17. stek

    stek New Member

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    In the past we've done the chimney between tenants and not charged that against the deposit as it's 'reasonable wear and tear'. The electric heat is baseboard, so requires no maintenance, especially as we just replaced all the baseboard heaters two years ago. We're not slumlords and are happy to keep up the house. I just have a hard time paying for abuse of a brand new stove.

    I doubt it was an installation error as the stove worked great (per the tenants) for the first month and was installed by a well respected pro. It's actually only been in use for two months. Maybe it isn't a creosote problem at all, and the stove vendor has offered to go out and look things over but we'll be on the hook for a service call if it's not their fault.

    Thanks for your input Lydia, it's helpful to hear from someone in the same situation.
  18. sixman

    sixman Feeling the Heat

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    Sounds like it might just be a clogged cap. Easy fix if it is.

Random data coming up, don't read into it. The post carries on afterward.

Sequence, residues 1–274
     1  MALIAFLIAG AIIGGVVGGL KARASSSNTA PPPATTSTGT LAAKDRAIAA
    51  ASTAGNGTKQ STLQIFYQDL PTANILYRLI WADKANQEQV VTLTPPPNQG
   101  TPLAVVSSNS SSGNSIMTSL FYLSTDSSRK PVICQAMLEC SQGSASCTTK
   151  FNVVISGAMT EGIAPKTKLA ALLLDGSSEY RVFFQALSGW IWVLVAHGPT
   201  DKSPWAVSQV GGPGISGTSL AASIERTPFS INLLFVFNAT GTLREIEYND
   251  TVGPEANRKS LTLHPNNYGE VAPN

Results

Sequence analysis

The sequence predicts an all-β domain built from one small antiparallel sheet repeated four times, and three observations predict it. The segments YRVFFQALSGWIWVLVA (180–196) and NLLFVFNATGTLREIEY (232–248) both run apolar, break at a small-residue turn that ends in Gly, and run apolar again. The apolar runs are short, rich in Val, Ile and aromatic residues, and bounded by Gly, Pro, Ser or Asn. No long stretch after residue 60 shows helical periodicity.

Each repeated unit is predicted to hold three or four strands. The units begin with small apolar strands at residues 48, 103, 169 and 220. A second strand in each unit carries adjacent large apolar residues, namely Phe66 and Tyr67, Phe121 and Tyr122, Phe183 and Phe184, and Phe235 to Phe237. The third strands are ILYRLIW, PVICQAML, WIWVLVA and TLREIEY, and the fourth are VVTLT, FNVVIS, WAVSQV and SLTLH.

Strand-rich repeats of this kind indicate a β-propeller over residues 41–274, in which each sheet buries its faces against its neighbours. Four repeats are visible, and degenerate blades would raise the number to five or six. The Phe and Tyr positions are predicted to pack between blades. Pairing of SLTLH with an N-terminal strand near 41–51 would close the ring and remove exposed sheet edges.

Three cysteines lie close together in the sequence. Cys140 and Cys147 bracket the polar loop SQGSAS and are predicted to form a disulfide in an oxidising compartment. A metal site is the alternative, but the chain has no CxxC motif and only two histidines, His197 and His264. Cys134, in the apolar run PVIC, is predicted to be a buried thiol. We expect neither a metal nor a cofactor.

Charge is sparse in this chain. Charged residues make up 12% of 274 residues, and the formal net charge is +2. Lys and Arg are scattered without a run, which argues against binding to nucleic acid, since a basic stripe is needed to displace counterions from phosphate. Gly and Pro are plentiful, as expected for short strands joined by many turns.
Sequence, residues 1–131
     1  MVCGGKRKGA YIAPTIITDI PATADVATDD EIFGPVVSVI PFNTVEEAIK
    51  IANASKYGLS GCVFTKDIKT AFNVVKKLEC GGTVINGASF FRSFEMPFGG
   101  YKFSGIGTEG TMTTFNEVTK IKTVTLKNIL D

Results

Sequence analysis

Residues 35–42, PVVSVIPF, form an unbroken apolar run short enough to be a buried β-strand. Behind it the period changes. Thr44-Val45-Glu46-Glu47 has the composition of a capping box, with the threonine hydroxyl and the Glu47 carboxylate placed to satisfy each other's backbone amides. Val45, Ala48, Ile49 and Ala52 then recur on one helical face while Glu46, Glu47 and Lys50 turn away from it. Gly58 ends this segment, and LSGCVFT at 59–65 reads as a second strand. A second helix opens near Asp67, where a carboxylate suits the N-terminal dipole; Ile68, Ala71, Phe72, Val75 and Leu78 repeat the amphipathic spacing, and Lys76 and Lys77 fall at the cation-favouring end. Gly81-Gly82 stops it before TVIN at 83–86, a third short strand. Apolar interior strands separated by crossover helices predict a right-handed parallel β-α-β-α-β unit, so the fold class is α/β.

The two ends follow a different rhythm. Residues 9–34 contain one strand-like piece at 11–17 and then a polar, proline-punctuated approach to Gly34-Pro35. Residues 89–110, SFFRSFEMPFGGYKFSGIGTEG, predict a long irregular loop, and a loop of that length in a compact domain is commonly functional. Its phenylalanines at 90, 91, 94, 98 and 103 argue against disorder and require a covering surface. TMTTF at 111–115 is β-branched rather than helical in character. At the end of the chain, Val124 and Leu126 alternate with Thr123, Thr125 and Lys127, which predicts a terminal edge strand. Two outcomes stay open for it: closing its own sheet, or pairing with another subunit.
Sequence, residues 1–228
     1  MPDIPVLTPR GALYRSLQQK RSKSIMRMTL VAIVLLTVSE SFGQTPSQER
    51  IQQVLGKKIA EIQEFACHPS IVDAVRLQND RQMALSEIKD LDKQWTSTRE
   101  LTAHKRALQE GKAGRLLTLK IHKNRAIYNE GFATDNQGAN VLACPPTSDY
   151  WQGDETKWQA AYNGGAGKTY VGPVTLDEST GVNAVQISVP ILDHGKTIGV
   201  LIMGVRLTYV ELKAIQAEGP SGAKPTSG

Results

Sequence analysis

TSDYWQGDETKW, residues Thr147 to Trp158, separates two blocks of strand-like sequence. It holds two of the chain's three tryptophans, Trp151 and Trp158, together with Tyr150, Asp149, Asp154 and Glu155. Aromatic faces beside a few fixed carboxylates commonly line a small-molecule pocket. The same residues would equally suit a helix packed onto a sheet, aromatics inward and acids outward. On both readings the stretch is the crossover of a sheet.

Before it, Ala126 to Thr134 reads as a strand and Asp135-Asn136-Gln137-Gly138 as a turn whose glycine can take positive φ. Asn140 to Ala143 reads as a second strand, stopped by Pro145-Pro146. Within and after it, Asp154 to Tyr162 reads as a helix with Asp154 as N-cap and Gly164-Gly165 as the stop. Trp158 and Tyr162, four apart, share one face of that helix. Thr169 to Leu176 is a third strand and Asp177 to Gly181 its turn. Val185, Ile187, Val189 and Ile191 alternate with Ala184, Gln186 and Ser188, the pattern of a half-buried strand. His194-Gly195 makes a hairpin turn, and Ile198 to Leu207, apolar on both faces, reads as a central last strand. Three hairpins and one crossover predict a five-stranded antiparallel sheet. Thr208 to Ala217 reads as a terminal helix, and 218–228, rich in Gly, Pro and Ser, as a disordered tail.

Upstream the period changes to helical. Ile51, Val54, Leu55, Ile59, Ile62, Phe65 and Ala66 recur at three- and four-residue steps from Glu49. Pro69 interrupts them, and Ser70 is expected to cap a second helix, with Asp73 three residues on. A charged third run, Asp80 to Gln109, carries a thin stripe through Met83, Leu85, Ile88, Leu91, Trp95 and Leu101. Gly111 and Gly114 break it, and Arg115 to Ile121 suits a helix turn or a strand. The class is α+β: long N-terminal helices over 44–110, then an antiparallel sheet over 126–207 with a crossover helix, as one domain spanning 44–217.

19. offroadaudio

    offroadaudio New Member

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    Sorry, but I agree 100% my rentals will never have a woodstove.
  20. afptl

    afptl Member

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    I'd check out the chimney cap to make sure it's not clogged. I would also have a "chat" with the tenants. How they have been using the stove, etc. If they would like to continue the use of the wood burning stove, then it has to be operated in a correct manner. You could always have the chimney sweep do it and talk to him.